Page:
Over the past few months, I've been hearing more and more about the use of functional programming concepts and also languages like Haskell and F#. While some of the initial musings that I've read revolved around how the concepts have been around for decades and that it makes financial and scientific applications easier to read and write, I couldn't find a good reason to start learning it for my typical line-of-business application design and development job or even some of my basic hobby projects. Nonetheless, I kept getting drawn to the concept and have decided to focus on learning it.
This post marks the beginning of a new series that I'll be writing to discuss how I'm going about learning F#. While I'm not saying that my method of learning is ideal and should be followed by others, I'm just reporting how I'm going about doing it. Over the course of this series, my goal is to provide other .Net developers a(nother) resource for learning the F# language as well as apply the language into some non-financial or scientific scenarios.
Series Table of Contents:
- Finding Resources
Where To Start:
One of the challenges of learning anything is to find where to start gathering the necessary information on the subject matter. Thankfully, there's already a great number of sources that can be used to learn F#. Here are some that I've been using to get started in F#:
- StackOverflow.com's F# tagged Questions
- Foundations of F# by Robert Pickering
- Expert F# by Don Syme, Adam Granicz, and Antonio Cisternino
- MSDN F# Developer's Portal
Of these 4 resources, I've so far leaned on StackOverflow and Expert F# the most. I have examined only a little bit of the MSDN site and have been using it if I cannot find my answer on StackOverflow. I initially began reading Foundations of F#; however, I was having a hard time building on each chapter. Expert F# flows a lot better and also build on each previous chapter which makes it ideal for learning.
Why am I learning F#:
I'm learning F# in order to broaden my skill set into functional programming. Initially, there wasn't any other reason for that. I looked at OCaml, Haskell, and F# as all possibilities and eventually settled on F#. Since then, I have began seeking a better reason for learning F#. Many of reasons presented in interviews and blogs and books talked about it's use in financial and scientific fields of study. While this is fine, I was still looking for more since I, like many other developers, am not in those fields of application development often. After diving deeper, I found that F# is a very concise language that allows developers to write some code faster and in a more logical way. Where as there is a large amount of code used to write a program in OO for the sake of being OO, F# allows a very simple and straight forward syntax to write programs or pieces of .Net applications in a functional manner.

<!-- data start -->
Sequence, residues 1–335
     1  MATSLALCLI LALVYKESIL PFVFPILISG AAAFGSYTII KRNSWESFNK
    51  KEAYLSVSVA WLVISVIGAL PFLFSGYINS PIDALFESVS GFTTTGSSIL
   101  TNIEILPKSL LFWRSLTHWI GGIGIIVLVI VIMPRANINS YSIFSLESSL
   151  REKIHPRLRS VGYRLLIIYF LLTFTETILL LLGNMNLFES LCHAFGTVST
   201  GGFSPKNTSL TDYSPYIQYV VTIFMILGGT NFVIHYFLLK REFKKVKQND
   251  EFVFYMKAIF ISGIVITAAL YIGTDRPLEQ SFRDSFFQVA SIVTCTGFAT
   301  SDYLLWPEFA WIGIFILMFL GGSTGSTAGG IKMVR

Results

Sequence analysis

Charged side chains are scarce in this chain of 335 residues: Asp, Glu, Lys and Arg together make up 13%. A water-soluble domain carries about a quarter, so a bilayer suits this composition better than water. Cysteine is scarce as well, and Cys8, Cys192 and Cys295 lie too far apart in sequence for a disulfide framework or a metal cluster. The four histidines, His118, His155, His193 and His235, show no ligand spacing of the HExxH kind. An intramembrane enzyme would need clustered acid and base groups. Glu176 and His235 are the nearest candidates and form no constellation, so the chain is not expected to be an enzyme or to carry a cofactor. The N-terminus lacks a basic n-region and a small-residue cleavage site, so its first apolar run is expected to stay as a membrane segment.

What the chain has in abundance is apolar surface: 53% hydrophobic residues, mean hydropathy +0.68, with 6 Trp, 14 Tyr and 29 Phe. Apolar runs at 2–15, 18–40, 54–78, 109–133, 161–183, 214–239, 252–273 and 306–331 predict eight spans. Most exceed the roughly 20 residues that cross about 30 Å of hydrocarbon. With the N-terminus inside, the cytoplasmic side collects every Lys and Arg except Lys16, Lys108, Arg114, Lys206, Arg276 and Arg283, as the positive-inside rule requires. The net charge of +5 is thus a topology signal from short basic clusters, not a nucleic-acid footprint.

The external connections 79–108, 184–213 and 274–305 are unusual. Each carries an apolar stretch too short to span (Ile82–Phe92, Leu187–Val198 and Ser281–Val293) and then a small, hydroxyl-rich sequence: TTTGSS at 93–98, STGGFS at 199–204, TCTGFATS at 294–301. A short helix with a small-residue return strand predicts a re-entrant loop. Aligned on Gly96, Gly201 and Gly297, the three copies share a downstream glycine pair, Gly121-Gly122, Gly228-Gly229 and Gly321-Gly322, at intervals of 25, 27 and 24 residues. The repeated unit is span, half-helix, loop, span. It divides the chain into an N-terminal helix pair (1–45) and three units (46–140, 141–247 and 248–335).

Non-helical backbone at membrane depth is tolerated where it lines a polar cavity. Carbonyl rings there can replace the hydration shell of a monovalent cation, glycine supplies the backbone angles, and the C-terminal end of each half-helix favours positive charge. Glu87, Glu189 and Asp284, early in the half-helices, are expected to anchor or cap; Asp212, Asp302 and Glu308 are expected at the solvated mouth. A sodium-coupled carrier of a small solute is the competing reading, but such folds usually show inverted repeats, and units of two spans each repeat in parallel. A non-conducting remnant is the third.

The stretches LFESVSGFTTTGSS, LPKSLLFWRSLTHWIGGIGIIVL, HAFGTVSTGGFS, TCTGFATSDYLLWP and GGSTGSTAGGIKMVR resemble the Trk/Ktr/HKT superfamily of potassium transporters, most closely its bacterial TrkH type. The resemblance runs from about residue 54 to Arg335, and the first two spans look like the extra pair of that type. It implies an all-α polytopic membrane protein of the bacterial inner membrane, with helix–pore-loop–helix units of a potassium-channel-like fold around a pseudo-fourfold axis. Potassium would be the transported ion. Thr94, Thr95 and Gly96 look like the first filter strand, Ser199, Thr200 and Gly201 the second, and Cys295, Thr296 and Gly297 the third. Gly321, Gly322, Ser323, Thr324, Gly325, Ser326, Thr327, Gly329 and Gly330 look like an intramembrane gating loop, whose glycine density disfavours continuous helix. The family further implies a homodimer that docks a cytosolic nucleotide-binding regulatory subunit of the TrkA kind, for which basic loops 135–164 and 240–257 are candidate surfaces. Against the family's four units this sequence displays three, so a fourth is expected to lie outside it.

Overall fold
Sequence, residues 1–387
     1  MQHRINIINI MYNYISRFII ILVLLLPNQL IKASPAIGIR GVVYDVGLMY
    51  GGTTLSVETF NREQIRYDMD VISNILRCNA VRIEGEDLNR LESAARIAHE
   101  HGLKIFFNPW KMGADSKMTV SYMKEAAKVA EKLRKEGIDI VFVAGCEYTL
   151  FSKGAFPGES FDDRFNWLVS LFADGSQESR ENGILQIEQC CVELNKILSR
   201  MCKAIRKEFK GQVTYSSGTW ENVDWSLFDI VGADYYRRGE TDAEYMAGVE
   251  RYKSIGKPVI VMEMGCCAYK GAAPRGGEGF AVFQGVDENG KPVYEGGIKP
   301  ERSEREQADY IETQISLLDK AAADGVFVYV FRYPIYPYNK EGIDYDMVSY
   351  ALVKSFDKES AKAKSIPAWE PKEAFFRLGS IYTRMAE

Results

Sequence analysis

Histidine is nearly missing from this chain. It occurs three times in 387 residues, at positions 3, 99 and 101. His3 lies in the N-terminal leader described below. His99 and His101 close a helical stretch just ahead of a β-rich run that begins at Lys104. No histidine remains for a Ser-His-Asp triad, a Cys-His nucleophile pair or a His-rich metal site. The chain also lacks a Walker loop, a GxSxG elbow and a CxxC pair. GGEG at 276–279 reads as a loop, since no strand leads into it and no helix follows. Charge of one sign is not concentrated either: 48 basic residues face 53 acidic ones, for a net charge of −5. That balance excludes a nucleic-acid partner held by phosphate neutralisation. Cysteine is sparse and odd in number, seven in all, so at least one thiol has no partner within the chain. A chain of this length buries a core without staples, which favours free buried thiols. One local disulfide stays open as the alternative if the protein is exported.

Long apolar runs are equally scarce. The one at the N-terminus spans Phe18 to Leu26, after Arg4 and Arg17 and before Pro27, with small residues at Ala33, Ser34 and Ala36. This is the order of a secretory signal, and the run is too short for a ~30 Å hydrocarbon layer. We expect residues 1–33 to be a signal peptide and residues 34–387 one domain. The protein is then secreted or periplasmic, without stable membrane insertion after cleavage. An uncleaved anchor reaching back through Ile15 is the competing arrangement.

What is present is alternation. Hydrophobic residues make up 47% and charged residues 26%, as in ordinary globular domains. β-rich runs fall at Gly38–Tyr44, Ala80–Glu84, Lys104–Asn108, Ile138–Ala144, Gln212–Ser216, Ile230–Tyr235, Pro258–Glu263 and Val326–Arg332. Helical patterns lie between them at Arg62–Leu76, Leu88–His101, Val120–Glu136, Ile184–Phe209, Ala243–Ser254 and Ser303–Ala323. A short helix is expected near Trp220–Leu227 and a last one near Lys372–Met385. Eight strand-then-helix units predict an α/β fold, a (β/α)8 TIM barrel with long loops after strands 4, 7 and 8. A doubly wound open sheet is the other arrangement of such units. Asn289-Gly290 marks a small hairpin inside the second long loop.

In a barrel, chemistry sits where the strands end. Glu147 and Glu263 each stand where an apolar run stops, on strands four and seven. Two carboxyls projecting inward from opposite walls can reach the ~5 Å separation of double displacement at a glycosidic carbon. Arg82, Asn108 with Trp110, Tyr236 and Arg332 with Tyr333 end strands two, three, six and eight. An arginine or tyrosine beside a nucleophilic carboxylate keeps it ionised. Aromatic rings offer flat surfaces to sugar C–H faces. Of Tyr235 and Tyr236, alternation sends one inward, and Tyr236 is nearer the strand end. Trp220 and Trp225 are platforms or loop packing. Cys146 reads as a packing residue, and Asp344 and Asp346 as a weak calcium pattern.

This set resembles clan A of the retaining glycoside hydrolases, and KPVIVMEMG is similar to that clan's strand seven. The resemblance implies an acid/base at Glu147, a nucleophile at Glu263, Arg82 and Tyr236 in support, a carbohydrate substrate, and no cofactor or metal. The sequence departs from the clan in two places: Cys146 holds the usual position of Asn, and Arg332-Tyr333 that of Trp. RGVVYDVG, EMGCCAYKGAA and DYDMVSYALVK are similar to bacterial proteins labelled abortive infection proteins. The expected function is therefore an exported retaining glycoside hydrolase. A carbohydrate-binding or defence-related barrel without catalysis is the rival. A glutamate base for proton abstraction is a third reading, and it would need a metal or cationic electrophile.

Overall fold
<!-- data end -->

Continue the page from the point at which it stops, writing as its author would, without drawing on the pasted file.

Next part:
What F# can do:
One other thing that I was fooling myself with once I began learning F# was this idea that it could or couldn't do something that a different .Net language could. It wasn't until I began reading Expert F# that I truly understood how narrow minded I was being. In Expert F#, the authors do a fantastic job at illustrating not only the language in a general sense, but also how to apply F# as a replacement to VB.net or C# in applications like ASP.Net, Winforms, and even Domain Specific Languages. While, from what I can tell, many people agree that replacing C# or VB.net with F# in the ASP.Net realm isn't the best or most recommended application for the language, it does illustrate the point that F# can do anything that C# or VB.Net can do today.
Where does F# fit:
I have a feeling that I may be skewered a bit for this; however, this is just my perception as a novice F# developer at this point. I've been developing in Microsoft technologies for years now and have also done work in other languages. Where I see F# fits is where you have functional steps of processing of data. I can see F# being a great language for writing the data engines for custom ETL applications and processes, as well as similar business logic processors. I am certain I'll find additional locations that would assist me in my daily development job as I learn more of F#.
Next up in the series we'll dive into setting up VS2008 with the F# CTP and write the ever so popular "Hello, World!" or something like that :-). Until then, I highly recommend checking out the F# resources mentioned above and also read a lot of the questions currently out there on Stack Overflow.